Most good design adheres to the 'form follows function' belief. This applies to some kinds of content as well. Functional writing involves some of these things:
- Figure out what you want to say, and then say it. In other words, first structure the piece of text, however brief.
- Avoid long winding sentences. Long can be laborious. Long sentences, which go on and on, with many commas, and different thoughts strung together, such as this sentence here, tend to confuse many readers, especially, online. Works of expression such as fiction or poetry can indulge in long sentences.
- Be wary of subtle differences. Subtle differences are not so subtle. Do you mean imminent or eminent? Stationery or stationary? Principle or principal? Each pair means different things.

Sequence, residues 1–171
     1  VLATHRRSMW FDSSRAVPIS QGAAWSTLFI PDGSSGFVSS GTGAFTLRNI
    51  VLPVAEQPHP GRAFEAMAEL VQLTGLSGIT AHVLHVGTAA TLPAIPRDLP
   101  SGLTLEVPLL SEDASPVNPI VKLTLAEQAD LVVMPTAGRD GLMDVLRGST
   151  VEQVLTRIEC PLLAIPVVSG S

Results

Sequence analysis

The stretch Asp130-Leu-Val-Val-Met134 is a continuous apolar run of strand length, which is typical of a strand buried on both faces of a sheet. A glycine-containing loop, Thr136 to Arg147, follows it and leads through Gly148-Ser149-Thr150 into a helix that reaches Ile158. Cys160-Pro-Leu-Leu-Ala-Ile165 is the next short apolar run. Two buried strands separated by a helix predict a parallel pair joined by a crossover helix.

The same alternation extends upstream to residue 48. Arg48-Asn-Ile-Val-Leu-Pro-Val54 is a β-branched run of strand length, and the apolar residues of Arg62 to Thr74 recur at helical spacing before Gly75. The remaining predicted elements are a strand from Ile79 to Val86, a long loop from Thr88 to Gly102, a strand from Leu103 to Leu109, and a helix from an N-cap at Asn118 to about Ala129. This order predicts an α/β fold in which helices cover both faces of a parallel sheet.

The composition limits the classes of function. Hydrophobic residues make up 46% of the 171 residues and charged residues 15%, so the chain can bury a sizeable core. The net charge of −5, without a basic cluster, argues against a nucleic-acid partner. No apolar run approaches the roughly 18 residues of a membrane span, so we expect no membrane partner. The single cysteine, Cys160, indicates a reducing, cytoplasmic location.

- Avoid using vague words. Some words such as 'nice' and 'good' don't give a solid picture of what you are trying to say. It's better to think of more specific adjectives such as pleasant, satisfactory, ideal, smooth, and easy.
- It's not advisable to rely on ad copy or even newspapers for their grammar .
- Understand that written and spoken language are two different things. You can't write exactly as you speak. The mind processes language slightly differently when you read, as opposed to when you speak. When you need to quote someone directly though, you must use exactly the same words that were spoken.
- Avoid ampersands. Use these friendly, curly little characters when they are part of terms such as 'Research & Development' or 'P&G'. Do not use the ampersand to replace 'and'. For example, it is incorrect to write 'We ate apples & oranges'.
- Stay loyal to one writing style. Consistency is the most important rule of all. If you are following the American, British, Chicago or MLA style, just make sure you stick to the same set of rules throughout your writing.
The author is co-founder and Director, Content Design at Steta